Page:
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    i like it but my one thing is I wish it had digital optical out, i might just suck it up even though I just bought a cable and go with the other digital out.
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  14. #14
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    Yes is has RCA out, S/pdif Coaxial. They suggets a 50-75 Ohm digital cable to go to a mixer, digital recorder, surround reciever etc.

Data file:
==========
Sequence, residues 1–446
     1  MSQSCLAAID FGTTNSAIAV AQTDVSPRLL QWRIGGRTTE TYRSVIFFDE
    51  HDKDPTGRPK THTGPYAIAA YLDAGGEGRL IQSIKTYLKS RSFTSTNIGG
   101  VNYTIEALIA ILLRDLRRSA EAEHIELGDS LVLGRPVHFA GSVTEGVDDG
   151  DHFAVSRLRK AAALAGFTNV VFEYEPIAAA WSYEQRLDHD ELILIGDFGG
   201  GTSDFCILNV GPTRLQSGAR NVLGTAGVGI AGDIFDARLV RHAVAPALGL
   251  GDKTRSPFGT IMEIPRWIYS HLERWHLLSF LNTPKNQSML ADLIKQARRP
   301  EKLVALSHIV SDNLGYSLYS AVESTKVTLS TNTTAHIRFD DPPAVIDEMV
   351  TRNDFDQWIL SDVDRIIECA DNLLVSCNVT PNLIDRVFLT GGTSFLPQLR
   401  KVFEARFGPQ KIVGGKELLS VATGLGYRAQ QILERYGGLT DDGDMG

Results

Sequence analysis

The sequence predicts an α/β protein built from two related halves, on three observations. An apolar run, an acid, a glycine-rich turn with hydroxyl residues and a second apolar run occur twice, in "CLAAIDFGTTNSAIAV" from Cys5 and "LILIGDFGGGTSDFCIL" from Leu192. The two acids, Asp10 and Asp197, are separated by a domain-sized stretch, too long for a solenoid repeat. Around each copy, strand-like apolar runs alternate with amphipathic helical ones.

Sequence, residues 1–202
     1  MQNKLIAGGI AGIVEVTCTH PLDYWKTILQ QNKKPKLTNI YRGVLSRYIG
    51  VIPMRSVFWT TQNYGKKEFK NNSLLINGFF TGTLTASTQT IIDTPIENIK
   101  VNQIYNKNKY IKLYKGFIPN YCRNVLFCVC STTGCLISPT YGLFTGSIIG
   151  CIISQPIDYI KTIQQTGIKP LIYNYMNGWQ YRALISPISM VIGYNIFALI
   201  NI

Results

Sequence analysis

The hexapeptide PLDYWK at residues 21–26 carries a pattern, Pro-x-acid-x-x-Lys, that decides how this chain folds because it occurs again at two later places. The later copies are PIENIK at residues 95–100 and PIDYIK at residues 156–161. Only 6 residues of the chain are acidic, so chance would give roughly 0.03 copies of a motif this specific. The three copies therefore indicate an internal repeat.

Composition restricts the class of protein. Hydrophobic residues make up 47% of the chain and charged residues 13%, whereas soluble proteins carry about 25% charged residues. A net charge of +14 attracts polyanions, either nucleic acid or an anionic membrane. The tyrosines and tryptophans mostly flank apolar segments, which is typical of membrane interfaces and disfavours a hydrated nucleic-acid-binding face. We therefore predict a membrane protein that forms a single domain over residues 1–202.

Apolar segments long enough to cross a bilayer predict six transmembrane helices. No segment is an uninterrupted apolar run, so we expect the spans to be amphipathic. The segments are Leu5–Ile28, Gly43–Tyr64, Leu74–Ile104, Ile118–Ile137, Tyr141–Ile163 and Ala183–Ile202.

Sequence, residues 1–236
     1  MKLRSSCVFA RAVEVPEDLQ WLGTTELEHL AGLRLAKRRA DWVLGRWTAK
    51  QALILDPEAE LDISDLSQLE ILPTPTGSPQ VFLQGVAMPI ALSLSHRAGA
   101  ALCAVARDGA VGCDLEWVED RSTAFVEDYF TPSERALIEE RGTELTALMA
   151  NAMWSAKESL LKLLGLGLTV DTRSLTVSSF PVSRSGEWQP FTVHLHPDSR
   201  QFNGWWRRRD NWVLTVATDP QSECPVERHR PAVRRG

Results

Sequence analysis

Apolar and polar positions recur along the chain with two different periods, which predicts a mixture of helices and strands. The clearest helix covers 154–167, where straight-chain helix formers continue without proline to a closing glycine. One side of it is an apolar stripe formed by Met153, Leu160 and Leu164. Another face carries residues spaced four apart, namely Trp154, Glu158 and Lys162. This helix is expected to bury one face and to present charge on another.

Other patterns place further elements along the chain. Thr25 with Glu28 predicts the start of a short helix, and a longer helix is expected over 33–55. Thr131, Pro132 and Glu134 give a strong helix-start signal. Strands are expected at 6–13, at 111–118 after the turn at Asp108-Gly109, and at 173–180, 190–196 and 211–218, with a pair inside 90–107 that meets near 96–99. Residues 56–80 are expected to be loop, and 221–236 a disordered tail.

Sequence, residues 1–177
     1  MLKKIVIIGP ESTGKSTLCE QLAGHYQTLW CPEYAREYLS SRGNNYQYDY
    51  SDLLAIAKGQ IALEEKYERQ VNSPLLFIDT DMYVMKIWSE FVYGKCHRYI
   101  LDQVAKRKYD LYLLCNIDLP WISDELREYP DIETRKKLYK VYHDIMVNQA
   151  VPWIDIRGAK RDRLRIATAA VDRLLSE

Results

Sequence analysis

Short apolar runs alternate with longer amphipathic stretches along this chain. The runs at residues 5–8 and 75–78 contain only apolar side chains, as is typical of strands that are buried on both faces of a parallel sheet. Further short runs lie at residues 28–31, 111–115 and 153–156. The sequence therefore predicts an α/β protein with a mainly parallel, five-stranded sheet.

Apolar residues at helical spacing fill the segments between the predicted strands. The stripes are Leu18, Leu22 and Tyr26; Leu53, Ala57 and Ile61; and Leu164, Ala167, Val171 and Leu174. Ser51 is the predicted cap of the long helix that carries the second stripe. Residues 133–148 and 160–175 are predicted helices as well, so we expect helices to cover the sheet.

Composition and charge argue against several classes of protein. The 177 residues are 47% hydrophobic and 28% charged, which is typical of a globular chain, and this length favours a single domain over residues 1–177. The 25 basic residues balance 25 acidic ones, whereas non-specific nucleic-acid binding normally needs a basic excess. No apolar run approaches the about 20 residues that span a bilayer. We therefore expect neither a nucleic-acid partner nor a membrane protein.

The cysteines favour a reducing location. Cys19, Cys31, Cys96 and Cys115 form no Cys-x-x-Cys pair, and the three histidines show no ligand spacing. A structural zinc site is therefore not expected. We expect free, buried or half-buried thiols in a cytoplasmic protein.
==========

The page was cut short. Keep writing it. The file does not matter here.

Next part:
I just watched Face Off on DVD. Very nice indeed. The vocals were VERY seperated almost like those channels were completly turned off. This card has great seperation. I was using Power DVD in case that matters.

  15. #15
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    For whatever reason it likes WinDVD 4.0 better than PowerDVD.